7. The source of funding for traditional technology based companies is mainly self finance (43.44%), banks or financial institutional funding (40.69%) or private loan (13.79%) in that order, where as for technology based companies it is mainly banks or financial institutional funding (44.44%) and self finance (31.11%). Only a few have utilized other sources of funding like venture capital (8.89%), foreign investment (8.89%) and capital market (2.22%).

8. In traditional technology based companies, average expenditure on R&D against turnover usually varies from 1 to 2 % and in exceptional cases beyond 2 %, where as in technology based companies, expenditure on R&D varies from 0-2 % to upto 25 per cent of respective turnovers and a major group is spending in range of 8-10 %.

9. The workforce employed by the traditional technology based companies mainly consists of under graduate with only a few graduates, post graduates and higher degree holders. Technology based companies are employing large number of technical people consisting of ITI certificate holders, diploma holders and other professional qualifications.

10. Most of traditional technology based companies lack in skilled working force and are not using the modern techniques of production for improving their quality of product.

11. The profit in traditional technology based companies is steadily increasing from year 1991-95 to 2000-05.

12. Most of the traditional technology based companies have turnover in the range of Rs 25 lakhs to Rs. 1 Crore, while technology based companies have turnover in the range of Rs 1 Crore to 20 Crore.

13. Most of the traditional technology based companies have average exports upto Rs. 5 Lakhs, whereas in technology based companies, average exports for greater number of companies fall in the bracket of 25 lakh to 1 Crore ,10 to 25 lakh and 1 Crore to 20 Crore.

14. The constraints faced by Start-ups in India in decreasing order of intensity include: Government Policies (21.90%), access to finance (20.31%), Marketing (16.70%), Skilled labour (14.45%),access to modern technology (13.99%), High cost of raw materials (6.32%), Infrastructure (2.03%) and others (support system, Management issues, Inexperience, Quality management, competition, Business strategy). Thus government policies represent the greatest problem faced by start-ups in India.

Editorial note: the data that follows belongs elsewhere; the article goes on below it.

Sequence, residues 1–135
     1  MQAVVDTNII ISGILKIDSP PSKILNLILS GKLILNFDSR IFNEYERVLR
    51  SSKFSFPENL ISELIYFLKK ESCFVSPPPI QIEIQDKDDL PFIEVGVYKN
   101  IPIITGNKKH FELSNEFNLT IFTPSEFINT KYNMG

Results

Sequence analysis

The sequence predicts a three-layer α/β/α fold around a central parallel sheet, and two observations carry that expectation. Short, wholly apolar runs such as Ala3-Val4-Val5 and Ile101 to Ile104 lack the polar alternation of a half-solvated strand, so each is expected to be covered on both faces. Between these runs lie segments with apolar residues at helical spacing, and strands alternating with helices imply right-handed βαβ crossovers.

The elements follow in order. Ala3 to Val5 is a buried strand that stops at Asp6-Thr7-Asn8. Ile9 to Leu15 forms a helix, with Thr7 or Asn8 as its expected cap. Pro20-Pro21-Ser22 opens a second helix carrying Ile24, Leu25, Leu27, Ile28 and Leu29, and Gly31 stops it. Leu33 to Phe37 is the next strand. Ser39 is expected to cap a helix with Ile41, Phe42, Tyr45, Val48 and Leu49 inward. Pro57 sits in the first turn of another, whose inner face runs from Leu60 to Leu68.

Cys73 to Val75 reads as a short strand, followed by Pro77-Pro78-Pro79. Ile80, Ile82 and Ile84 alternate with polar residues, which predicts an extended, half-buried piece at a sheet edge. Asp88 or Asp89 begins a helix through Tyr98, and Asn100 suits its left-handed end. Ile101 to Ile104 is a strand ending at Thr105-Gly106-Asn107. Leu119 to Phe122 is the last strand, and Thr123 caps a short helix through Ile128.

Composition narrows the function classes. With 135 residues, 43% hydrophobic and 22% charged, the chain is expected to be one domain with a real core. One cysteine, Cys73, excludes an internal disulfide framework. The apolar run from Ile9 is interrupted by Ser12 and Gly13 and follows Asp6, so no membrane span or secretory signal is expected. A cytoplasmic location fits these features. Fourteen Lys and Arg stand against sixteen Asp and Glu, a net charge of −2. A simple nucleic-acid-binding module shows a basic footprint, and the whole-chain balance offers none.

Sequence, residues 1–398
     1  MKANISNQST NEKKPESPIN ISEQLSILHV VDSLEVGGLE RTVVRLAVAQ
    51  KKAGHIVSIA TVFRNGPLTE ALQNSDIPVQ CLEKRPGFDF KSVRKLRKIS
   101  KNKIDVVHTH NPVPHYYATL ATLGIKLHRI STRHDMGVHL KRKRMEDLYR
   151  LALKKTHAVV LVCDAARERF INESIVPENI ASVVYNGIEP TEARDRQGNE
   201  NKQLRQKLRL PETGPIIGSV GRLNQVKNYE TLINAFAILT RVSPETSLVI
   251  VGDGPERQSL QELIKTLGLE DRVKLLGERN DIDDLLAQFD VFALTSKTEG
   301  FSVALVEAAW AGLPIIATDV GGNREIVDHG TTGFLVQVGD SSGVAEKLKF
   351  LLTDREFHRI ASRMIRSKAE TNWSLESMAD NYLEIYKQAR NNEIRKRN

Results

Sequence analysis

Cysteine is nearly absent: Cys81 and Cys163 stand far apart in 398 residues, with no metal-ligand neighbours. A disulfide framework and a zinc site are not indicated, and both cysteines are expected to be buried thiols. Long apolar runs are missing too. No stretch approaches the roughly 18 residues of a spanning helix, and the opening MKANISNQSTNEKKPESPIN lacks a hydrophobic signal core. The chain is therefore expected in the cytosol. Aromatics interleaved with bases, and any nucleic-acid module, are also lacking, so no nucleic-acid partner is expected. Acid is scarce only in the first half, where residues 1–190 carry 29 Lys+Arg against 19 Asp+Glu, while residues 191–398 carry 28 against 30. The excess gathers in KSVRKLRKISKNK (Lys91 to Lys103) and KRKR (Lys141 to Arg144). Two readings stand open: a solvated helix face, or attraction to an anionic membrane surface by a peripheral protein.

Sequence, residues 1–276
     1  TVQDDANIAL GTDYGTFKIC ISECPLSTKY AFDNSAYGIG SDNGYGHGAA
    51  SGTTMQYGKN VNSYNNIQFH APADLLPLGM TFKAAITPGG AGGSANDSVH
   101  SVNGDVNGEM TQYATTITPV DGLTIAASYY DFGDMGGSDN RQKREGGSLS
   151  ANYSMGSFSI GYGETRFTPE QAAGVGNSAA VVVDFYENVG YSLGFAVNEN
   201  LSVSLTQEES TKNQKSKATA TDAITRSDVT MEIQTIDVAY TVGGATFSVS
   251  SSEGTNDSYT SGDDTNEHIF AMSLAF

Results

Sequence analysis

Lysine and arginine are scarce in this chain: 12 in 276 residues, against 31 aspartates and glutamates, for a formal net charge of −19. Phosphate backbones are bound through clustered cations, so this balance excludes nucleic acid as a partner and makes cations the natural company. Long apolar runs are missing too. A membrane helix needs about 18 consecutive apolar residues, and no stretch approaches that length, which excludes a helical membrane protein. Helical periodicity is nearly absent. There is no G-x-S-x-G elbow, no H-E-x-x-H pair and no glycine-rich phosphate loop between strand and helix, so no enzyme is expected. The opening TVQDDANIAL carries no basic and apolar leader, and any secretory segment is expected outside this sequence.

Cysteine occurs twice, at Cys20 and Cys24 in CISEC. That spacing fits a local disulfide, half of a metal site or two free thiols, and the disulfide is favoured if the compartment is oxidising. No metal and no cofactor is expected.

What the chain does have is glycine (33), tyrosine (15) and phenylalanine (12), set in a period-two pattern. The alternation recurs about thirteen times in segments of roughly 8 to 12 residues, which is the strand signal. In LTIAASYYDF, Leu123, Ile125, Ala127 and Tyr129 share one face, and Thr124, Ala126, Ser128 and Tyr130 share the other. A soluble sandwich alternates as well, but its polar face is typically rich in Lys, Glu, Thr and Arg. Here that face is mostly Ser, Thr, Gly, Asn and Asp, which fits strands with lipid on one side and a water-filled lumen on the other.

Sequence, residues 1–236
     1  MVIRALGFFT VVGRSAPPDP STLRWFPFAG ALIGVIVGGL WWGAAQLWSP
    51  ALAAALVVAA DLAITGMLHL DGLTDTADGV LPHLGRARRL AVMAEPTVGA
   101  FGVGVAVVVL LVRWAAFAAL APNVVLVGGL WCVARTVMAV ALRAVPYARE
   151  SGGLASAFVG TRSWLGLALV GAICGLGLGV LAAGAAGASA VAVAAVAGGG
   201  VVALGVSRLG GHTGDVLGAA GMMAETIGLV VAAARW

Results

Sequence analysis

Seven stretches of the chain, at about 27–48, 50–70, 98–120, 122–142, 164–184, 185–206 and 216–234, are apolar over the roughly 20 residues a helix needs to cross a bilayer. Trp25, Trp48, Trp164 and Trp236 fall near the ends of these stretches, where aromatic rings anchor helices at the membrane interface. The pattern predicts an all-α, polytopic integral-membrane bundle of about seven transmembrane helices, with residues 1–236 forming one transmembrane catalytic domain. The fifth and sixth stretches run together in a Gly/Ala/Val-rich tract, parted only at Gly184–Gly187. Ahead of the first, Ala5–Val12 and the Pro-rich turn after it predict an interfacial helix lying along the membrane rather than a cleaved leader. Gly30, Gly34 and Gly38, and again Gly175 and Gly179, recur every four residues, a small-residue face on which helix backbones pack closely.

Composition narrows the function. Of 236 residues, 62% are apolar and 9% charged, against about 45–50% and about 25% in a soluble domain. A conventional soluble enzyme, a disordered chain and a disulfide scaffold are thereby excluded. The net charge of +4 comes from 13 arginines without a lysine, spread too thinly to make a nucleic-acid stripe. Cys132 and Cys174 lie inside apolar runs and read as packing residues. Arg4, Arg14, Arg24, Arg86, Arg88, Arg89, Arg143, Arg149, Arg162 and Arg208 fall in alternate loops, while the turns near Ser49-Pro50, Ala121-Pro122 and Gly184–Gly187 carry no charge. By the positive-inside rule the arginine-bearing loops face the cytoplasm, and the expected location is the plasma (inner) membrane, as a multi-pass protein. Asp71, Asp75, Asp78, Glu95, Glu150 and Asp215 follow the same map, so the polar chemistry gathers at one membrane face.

The various problems in government policies emerging from the study are:- Lengthy Procedures & formalities, extensive paper work (20.30%), High Import duty, Excise duty, Custom duty, Sales tax (19.55%), Stringent norms of Labour Laws (14.66%), Wrong interpretation of laws & policies of the govt. by the enforcement agencies(14.10%), Stringent Environment & Pollution control Norms (12.22%), Various Insurance Schemes (9.59%), Frequent Raids & Checking by Vigilance Teams (8.08%) and taxation (1.50%).

The various problems in access to finance include: Lengthy time taking procedure (30.15%), High Interest Rates (27.64%), Reluctance of Funding Institutions/Banks (16.08%), Collateral Security (11.06%), Lack of Information (10.55%), Non Availability of Angel & VC’s (2.51%) and insufficient seed funding (2.01%).

The various problems in marketing faced by start-ups coming from the study are:- Lack of Information about new markets for expansion (67.86%) constitutes the major problem for start-ups followed by lack of access to media and publicity (15.48%) and reluctance of business community for business (13.09%).